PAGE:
Monday, 1 October 2012

Time to Strategise

Woohoo! The power supplies have shipped! Soon there will be no need to attempt to bend a virtual instance to my will.

I have been thinking about the various opportunities that present themselves around the Raspberry Pi and its potential uses. In discussing it with friends and colleagues, I have encountered various ideas of how it could be used. Many of these ideas already have a marketable solution in the form of some other pre-existing platform. Whilst I can sit back and waffle on about how 'in my humble opinion the following use, it is the best...', I would prefer to present something a little more empirical in value. It would be of little value or relevance to go charging ahead to set a Raspberry Pi up for a particular use, and once it is working, declare that it will be the way of the future, without some current or competing yard-stick to compare it with.

So, what is needed is a test strategy. This is somewhat different from the test strategies I write in my day job. I'm not managing a team of testers. I'm not furnished with mountains of business requirements and functional specifications.

So for now, it is time to set a light-weight test strategy, and move forward from there. In essence, my test strategy is simple.

The Strategy
For each proposed use for the Raspberry Pi, I need to determine if there are existing platforms and options in the marketplace already that fulfill that niche. If there are, I need to find what is currently rated the best option and what is the most cost-efficient option, and then compare the performance of the Raspberry Pi against the other two contenders across a series of tests and criteria. This will mean, that where the opportunity arises, I should in my testing, acquire, or at least acquire access to the competing systems to perform the evaluation.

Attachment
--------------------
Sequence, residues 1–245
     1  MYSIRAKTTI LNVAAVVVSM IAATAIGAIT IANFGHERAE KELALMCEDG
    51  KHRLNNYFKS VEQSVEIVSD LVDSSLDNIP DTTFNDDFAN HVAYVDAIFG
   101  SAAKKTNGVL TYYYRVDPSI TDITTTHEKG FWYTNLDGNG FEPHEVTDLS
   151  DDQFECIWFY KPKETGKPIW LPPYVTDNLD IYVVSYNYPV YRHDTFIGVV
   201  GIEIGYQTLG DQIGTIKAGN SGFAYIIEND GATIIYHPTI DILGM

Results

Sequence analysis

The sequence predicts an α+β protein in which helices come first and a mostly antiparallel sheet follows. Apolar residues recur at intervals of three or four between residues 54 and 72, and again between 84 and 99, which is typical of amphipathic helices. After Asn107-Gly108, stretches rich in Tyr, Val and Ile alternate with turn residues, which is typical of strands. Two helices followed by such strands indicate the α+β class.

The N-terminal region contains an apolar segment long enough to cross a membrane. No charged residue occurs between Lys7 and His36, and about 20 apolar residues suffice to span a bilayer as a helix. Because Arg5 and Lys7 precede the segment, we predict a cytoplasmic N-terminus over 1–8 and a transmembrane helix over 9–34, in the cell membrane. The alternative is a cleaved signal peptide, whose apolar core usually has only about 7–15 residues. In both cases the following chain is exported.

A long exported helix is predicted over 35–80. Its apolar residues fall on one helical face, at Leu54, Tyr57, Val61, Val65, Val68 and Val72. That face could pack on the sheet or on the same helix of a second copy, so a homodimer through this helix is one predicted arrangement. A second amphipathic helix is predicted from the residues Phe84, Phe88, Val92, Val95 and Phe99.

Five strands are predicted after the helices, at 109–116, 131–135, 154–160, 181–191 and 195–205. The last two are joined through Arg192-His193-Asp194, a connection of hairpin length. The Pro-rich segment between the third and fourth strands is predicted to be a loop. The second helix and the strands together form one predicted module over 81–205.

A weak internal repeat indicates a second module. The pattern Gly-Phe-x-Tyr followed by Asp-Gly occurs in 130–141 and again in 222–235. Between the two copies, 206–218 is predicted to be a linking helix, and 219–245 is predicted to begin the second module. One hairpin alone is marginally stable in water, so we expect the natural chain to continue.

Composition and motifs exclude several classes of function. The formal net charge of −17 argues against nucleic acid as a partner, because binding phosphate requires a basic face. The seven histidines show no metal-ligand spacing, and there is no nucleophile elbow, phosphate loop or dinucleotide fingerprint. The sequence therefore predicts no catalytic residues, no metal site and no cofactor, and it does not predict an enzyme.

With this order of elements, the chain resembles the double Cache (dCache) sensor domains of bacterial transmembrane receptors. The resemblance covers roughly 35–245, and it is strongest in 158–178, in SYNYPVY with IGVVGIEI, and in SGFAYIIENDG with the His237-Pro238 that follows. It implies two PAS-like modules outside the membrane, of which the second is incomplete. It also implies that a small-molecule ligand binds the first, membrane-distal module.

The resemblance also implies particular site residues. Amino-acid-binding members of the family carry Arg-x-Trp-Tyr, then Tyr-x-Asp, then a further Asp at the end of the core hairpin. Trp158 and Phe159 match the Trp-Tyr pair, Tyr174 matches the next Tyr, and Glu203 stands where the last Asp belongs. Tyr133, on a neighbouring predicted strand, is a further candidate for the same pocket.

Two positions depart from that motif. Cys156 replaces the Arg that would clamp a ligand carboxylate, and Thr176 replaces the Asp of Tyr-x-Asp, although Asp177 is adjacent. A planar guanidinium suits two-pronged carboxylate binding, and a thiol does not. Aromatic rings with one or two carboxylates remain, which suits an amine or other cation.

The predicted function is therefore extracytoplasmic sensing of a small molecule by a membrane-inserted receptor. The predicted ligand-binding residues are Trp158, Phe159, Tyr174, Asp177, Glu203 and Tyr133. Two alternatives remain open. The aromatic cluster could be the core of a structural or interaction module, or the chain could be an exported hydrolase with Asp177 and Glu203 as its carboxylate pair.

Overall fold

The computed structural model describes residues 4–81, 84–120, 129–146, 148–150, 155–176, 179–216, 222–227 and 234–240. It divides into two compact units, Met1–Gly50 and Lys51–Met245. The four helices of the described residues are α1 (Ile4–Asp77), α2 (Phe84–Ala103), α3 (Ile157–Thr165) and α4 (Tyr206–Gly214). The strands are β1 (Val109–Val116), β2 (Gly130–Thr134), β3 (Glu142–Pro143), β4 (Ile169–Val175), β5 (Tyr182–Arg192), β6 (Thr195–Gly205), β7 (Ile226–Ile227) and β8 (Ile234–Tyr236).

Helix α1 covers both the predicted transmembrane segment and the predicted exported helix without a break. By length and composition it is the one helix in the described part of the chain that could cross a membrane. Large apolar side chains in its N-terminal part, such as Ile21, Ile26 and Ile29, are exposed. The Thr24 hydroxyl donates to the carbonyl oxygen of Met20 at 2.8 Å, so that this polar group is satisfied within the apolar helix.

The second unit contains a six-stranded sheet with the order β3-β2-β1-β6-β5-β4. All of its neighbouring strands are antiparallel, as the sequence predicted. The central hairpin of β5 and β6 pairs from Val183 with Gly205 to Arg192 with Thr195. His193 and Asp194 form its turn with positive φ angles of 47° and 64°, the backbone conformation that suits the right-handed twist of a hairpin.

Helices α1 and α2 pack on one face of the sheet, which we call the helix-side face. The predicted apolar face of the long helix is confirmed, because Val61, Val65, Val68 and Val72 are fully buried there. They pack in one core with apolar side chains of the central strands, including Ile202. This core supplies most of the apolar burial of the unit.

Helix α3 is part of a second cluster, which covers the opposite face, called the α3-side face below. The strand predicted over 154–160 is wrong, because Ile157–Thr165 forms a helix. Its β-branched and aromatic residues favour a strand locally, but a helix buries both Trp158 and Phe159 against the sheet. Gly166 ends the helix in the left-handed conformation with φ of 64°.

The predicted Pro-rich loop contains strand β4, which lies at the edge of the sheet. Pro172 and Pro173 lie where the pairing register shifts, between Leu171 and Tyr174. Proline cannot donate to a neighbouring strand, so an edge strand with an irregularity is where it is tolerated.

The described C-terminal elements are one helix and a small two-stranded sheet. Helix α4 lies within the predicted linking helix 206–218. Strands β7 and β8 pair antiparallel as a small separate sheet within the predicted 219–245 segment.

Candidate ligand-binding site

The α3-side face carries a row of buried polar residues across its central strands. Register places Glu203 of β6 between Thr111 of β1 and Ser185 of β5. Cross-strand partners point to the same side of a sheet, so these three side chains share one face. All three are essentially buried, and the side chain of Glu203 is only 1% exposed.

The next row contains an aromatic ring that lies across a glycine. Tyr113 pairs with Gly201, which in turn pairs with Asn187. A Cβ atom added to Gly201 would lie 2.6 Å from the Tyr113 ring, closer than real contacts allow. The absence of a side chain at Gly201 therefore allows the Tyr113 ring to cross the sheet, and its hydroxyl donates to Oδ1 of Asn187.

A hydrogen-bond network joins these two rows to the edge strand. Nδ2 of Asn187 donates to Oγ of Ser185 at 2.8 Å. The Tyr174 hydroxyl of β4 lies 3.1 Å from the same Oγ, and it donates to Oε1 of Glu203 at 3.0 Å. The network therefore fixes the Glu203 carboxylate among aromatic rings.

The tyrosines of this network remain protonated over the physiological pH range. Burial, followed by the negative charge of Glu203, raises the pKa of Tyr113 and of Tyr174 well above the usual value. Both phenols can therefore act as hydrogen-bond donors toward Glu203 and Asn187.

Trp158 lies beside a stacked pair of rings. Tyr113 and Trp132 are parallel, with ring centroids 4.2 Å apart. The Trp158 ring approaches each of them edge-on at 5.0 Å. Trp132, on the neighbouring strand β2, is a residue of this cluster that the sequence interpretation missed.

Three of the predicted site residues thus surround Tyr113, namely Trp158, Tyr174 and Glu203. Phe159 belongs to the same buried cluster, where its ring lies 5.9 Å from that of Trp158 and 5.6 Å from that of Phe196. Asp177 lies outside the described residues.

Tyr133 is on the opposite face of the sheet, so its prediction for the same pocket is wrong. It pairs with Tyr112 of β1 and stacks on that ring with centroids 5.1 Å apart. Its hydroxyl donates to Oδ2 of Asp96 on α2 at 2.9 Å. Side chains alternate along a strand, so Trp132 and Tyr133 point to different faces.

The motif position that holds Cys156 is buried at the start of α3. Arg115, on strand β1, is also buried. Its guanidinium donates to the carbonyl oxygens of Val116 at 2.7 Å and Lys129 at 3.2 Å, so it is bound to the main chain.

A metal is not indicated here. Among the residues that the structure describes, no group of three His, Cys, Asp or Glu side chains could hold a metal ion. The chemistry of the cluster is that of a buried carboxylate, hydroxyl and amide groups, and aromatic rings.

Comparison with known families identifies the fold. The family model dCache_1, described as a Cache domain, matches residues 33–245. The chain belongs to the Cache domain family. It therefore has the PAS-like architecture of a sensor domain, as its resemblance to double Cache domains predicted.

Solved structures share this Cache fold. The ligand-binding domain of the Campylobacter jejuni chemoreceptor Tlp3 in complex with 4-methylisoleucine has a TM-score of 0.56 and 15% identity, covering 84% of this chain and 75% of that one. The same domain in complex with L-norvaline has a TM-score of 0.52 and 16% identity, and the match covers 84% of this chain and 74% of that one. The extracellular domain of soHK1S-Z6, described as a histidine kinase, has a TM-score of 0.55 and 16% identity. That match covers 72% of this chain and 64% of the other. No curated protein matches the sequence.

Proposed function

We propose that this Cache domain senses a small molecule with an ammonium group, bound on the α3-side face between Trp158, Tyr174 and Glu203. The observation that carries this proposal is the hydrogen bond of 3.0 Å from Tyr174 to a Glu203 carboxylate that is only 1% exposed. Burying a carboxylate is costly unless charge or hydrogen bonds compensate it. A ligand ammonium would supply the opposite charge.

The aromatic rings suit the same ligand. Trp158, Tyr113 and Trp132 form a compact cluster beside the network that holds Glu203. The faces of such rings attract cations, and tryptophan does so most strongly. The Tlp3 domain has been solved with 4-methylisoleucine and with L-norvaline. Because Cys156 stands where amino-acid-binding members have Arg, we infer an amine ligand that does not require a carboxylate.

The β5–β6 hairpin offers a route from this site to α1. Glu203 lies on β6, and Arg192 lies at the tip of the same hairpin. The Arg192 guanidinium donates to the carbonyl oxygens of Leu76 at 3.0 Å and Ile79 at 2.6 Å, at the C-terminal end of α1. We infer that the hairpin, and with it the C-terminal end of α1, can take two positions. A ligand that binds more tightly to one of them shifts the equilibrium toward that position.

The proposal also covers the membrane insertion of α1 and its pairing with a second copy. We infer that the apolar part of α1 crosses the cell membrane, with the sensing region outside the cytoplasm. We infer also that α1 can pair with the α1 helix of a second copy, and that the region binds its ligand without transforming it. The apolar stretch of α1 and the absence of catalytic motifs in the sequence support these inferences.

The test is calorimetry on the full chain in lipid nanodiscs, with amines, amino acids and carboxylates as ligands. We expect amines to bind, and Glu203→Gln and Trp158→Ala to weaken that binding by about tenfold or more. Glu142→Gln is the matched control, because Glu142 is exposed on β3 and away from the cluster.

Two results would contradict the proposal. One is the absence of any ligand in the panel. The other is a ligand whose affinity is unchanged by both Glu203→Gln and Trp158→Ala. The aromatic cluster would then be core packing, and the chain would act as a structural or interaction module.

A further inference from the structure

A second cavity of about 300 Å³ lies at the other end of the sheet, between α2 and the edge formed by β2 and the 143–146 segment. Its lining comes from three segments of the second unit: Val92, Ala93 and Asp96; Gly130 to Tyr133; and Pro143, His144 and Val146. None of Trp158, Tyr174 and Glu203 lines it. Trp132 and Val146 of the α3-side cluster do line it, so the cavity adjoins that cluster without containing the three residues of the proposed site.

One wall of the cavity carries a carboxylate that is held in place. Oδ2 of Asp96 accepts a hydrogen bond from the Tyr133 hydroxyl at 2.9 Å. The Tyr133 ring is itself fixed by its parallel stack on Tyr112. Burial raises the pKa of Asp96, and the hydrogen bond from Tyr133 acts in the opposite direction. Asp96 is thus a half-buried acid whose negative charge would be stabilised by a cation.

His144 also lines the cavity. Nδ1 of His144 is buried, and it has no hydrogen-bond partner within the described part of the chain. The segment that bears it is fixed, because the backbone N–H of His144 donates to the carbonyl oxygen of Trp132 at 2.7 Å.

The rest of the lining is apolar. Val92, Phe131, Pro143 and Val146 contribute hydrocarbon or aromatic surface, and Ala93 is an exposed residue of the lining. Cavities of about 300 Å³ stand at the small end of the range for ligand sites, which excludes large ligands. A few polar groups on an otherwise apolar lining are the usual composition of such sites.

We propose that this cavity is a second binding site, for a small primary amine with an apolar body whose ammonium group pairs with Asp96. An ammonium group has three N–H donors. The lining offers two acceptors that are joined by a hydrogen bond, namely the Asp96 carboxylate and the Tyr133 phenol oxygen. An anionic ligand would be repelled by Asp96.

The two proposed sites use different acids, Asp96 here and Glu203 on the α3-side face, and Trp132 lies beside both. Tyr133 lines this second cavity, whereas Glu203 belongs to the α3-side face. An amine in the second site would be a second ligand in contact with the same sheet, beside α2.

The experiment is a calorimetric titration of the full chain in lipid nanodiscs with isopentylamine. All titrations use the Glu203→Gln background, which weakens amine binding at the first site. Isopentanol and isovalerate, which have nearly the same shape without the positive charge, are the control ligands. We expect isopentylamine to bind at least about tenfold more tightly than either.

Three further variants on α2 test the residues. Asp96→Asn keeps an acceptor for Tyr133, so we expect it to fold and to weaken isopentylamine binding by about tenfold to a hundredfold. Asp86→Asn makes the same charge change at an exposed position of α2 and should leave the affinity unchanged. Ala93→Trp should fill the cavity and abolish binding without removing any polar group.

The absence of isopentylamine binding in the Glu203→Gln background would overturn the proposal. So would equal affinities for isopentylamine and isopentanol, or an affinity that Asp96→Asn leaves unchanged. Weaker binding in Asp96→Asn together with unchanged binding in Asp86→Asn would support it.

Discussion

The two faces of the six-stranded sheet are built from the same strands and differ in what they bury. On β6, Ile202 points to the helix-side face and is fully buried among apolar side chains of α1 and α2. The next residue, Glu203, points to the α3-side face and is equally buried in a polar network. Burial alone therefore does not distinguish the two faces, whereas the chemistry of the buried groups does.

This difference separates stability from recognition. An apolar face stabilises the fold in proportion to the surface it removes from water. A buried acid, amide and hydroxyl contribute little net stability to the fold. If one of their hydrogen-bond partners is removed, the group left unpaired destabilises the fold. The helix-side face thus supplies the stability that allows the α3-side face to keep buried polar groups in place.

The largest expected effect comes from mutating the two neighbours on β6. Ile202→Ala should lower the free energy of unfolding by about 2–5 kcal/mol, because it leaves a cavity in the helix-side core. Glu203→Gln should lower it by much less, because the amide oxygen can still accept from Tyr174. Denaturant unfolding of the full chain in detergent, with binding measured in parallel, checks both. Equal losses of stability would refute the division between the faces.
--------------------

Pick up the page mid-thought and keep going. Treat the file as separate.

In the case of a market niche, where the Raspberry Pi would be the only viable option, I will need to gather a set of objective criteria to test the Raspberry Pi against.

In either instance, the tests that need to be performed will be far wider than just simple software tests. Usability, accessibility, reliability, maintainability, affordability, compatibility and general performance of both the hardware and the software as a combined system will need to be evaluated. For some applications of the system, security and safety will also require scrutiny.

The methodology that makes the most sense in terms of further planning, is to treat the evaluation of each potential use of the Raspberry Pi as a test project in its own right, with its own test plan, and its own test suites. The potential deployment of the Raspberry Pis in each case will determine the bias and the make-up of each test plan.

So there, you have it. A very light-weight test strategy, in only four paragraphs.